Invasive Species Compendium

Detailed coverage of invasive species threatening livelihoods and the environment worldwide

Abstract

First report of a leaf spot caused by Boeremia exigua var. linicola on autumn sage (Salvia greggii) in Italy and worldwide.

Abstract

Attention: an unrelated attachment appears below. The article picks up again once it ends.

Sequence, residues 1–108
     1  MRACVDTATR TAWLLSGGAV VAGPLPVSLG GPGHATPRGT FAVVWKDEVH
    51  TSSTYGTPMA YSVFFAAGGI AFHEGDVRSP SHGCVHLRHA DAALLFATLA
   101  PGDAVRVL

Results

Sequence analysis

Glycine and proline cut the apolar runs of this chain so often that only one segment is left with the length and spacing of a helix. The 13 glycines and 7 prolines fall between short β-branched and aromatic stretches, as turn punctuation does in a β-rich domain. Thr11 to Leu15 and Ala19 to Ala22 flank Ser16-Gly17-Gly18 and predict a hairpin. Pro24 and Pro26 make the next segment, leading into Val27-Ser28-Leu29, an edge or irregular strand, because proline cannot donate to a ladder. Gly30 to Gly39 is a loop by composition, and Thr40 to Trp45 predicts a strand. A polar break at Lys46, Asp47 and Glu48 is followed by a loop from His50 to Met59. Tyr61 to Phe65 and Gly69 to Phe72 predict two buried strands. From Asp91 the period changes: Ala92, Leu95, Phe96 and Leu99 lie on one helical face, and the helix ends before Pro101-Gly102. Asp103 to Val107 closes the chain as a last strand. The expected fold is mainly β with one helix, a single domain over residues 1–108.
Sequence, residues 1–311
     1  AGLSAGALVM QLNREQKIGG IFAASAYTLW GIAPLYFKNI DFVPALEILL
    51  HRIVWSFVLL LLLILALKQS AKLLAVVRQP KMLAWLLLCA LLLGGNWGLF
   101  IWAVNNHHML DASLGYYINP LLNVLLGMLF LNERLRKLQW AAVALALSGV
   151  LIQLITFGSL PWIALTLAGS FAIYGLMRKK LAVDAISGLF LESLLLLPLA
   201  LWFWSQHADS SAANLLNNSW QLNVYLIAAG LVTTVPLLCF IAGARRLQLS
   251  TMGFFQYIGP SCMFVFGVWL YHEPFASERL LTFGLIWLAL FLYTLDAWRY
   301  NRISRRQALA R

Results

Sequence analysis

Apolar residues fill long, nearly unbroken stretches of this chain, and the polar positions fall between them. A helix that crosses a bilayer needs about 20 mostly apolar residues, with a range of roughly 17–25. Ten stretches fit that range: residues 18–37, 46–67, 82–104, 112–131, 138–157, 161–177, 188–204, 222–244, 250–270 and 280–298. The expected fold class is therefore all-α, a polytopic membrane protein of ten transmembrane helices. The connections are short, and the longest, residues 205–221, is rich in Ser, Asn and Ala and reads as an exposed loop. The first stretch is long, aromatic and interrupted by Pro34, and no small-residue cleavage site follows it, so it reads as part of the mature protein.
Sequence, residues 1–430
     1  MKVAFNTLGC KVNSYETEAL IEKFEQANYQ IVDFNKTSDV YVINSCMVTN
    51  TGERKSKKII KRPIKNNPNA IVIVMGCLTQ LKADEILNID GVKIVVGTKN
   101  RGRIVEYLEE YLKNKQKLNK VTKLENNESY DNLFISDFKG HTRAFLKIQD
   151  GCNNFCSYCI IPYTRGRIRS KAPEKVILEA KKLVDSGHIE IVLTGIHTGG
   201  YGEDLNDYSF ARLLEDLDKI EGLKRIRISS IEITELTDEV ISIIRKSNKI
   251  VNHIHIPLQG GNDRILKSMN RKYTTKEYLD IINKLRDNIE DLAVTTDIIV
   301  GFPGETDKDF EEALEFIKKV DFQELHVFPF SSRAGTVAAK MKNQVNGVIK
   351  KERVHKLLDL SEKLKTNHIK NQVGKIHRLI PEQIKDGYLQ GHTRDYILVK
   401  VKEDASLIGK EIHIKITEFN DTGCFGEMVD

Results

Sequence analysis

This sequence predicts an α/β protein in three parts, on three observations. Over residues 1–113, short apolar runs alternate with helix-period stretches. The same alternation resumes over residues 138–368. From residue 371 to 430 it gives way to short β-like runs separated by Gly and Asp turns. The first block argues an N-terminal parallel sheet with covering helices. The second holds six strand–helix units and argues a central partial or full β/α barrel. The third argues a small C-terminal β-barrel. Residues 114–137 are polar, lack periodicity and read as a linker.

During the autumn of 2014, in a mountain garden located near Biella, northern Italy, a leaf spot was observed on 12-month-old plants of Salvia greggii, autumn sage. All plants grown in the garden were affected, with 20-30% of leaves showing symptoms. First symptoms consisted of circular necrotic spots, with diameter ranging between 10 and 70 mm, well defined by a brown margin, and generally the centre of the necrosis was bleached. Severely infected leaves became chlorotic and abscised. Infected plants rarely died, but the presence of lesions on mature plants decreased their aesthetic quality. The disease started from basal leaves on plants grown in shade and at higher relative humidity, progressing up and outward on the plants, until they were almost completely defoliated. A fungus was consistently isolated from the margin of the necrotic lesions. Based on morphological characteristics, sequence analysis of the rDNA internal transcribed spacer region and pathogenicity tests, the fungus was identified as B. exigua var. linicola. The presence of different species of Phoma (P. exigua, P. nepeticola and P. strasseri) has been reported on Salvia officinalis as well as on other plants belonging to the Lamiaceae in Poland. This is thought to be the first report of B. exigua var. linicola on S. greggii in Italy and worldwide. Isolates of B. exigua have been obtained from over 200 genera of plants and this report expands the list with a new host.